Blood alcohol content, or BAC, is one of the most commonly used ways of determining not only if a person has been drinking alcohol, but also how much alcohol a person has consumed. Although a Breathalyzer test can estimate a person's BAC, to determine actual blood alcohol content, a blood sample must be used.
A blood sample for alcohol content is taken in the same way as any other blood sample, using a needle. The needle is placed into a vein and a collection tube is inserted into the back of the needle. The needle is withdrawn, and the collection tube is sent to a lab for testing. Lab tests calculate the level of ethanol in the bloodstream, giving a result back as a percentage. Any blood alcohol content over 0.08 is considered over the legal limit.
When alcohol is consumed, ethanol is released into the bloodstream. Ethanol is the substance that most blood alcohol tests search for. According to Dr. David J. Hanson, Ph.D, up to 10 percent of ethanol leaves the body through sweat, breath and urine. The rest has to be metabolized out of the body by the liver. The time that it takes for alcohol to leave the bloodstream is directly dependent on how fast the body can metabolize the alcohol.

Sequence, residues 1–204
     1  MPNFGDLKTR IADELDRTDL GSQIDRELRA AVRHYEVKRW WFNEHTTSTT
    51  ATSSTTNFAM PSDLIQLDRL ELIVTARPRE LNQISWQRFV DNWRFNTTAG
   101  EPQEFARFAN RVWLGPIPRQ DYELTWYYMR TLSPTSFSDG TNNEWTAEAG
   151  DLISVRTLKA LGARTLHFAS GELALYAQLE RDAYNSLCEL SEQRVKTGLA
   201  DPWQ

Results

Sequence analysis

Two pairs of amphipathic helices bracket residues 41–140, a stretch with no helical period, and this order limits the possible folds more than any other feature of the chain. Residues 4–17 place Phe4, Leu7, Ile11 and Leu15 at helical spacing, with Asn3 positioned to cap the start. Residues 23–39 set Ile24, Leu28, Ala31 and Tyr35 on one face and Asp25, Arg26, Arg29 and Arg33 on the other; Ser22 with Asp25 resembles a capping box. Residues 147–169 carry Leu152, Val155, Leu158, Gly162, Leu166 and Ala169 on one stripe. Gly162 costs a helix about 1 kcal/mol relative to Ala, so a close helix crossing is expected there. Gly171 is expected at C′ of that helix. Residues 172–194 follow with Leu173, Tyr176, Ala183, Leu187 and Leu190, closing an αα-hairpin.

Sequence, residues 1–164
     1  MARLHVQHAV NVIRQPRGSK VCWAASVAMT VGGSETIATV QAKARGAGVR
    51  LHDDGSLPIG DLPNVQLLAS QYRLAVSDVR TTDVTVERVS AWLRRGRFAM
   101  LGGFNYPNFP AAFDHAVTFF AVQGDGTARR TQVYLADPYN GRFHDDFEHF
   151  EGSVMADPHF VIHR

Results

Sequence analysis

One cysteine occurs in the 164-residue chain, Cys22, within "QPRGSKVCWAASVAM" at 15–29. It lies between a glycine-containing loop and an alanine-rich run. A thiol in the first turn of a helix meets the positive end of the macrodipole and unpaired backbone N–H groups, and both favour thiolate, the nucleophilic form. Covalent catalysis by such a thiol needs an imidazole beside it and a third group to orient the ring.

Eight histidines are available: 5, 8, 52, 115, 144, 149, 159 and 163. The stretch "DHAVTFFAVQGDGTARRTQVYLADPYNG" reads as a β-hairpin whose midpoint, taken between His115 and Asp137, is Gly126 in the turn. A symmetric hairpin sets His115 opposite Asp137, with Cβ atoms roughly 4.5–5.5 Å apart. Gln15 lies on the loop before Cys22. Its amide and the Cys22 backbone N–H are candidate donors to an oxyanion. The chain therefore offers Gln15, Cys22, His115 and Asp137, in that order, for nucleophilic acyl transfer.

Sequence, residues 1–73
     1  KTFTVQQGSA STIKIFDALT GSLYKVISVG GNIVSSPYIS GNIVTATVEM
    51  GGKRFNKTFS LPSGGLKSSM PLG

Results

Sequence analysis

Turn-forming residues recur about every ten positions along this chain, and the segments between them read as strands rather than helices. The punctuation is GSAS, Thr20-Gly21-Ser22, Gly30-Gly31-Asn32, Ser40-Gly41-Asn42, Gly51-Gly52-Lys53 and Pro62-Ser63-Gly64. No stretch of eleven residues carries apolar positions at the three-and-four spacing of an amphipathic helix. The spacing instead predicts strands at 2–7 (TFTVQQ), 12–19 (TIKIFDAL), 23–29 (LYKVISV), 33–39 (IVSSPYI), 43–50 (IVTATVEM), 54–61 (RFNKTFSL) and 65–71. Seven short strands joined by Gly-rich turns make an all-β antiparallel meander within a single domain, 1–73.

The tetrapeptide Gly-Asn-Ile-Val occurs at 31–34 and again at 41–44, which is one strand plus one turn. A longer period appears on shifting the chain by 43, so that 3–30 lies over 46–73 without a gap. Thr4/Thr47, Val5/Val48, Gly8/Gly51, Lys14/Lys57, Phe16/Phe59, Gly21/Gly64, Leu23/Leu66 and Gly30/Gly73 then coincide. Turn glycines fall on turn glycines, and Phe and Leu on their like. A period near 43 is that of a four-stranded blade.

The metabolism of alcohol occurs in the liver. Once the ethanol in an alcoholic beverage reaches the liver, special enzymes called alcohol dehydrogenase are used to break down the ethanol into acetaldehyde, which is further broken down by enzymes into acetic acid, or vinegar. This process takes about an hour to break down a one half ounce of ethanol. This means that your blood alcohol content will drop an estimated 0.015 percent ever hour. For example, a blood alcohol content of 0.05 would take approximately three hours and twenty minutes to metabolize out of your body.